Without long term planning and a radical shift away from sectarianism and favouritism, Lebanon will not heal itself.
Beirut – Thousands of protesters have taken over Martyrs Square here in Lebanon’s capital to protest against the government after political officials failed to produce any solutions following a national dialogue session.
At least 5,000 residents from across Lebanon poured into downtown Beirut on Wednesday evening following a fruitless meeting between political factions seeking to resolve issues that have caused the country to come to a political standstill for over a year now.
Lebanese factions held a dialogue session earlier on Wednesday as security forces put the downtown area under lockdown to prevent protesters from reaching the parliament building.
The officials, who sat round the dialogue table for three hours, announced they will be holding another session a week from today, much to the ire of the protesters.
As the politicians arrived for the session and again when they left, activists pelted their cars with eggs.
Lebanon’s cabinet later approved the proposal for dealing with the rubbish crisis put forward by Agriculture Minister Akram Cheheyab after a 6-hour meeting.
The proposal includes allowing municipalities to manage their own waste management – one of the demands pushed forward by the protesters, giving the municipalities more autonomy over their own funds.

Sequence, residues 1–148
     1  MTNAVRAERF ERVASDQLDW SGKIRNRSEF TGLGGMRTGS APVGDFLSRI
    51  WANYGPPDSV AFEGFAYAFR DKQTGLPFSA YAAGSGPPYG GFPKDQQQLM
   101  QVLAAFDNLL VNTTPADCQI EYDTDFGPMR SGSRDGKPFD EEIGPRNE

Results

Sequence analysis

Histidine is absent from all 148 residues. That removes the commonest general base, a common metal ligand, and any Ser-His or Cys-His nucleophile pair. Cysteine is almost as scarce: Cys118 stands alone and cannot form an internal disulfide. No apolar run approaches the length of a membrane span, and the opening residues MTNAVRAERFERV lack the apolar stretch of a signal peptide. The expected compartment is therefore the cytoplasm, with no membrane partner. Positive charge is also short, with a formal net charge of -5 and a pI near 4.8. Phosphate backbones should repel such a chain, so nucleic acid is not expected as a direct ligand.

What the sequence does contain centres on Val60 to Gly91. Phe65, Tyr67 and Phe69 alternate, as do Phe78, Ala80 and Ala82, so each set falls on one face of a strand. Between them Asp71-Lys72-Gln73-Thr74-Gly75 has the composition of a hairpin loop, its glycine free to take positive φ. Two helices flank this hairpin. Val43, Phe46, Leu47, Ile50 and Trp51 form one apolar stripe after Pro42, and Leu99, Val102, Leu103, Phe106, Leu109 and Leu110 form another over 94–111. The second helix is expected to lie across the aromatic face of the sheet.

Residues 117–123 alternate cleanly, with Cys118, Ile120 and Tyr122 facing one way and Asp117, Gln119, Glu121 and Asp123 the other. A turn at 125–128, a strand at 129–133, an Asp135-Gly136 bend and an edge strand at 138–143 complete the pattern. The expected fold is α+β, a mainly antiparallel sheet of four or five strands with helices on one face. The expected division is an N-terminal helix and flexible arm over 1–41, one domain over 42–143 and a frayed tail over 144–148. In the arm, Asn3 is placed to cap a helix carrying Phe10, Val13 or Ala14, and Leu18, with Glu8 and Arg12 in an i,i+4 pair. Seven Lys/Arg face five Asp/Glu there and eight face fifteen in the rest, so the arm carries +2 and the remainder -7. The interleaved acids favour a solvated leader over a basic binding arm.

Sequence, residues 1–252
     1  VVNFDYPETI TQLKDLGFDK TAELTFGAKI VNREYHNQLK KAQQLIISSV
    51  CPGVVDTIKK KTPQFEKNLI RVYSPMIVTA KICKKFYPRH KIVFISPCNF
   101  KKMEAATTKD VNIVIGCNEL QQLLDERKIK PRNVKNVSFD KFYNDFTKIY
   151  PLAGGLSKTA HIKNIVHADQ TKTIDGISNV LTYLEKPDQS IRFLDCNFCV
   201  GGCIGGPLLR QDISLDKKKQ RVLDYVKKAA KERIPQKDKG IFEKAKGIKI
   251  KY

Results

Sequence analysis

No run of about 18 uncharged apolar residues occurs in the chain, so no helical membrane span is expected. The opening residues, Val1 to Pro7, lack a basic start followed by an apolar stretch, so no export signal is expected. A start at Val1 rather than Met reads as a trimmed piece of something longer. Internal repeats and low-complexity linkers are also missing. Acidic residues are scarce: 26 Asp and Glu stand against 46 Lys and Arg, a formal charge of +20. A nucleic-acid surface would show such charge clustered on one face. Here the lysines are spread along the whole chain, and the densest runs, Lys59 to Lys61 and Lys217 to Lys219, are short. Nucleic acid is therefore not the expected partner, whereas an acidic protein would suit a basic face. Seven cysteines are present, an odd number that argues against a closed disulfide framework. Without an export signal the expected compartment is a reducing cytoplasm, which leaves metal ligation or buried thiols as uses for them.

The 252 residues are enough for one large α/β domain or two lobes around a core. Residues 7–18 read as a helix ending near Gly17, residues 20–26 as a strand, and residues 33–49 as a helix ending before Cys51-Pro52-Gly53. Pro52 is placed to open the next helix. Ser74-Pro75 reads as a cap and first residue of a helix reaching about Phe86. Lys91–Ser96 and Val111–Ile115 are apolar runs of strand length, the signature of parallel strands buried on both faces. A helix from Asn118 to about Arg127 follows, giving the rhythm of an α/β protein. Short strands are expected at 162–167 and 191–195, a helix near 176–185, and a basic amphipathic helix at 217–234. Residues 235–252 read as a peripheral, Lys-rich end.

“These sessions are completely useless,” 42-year-old Mohammad, from the southern suburbs of Beirut, told Al Jazeera.
“The same people who are taking part in the sessions are part of the problem; how are they supposed to be part of the solution?”
For Rudy Spiridon, a 26-year-old advertising executive from Beirut, the purpose behind attending today’s protest is to “reclaim our democracy”.
“Clearly if they keep postponing their sessions, they are not serious about trying to address our issues.”
Amid a sea of Lebanese flags, protesters braved the ongoing sandstorm that has swept across the country and carried signs calling for the downfall of the government, an end to corruption, and holding relevant authorities accountable.
Over a dozen protesters have so far been treated for heatstroke as a result of the high temperature and humidity that has enveloped the city.
Meanwhile, Lebanon’s cabinet is holding an extraordinary session following the national dialogue to specifically address the rubbish issue, which spurred civil society activists and residents to take to the streets over a month and a half ago.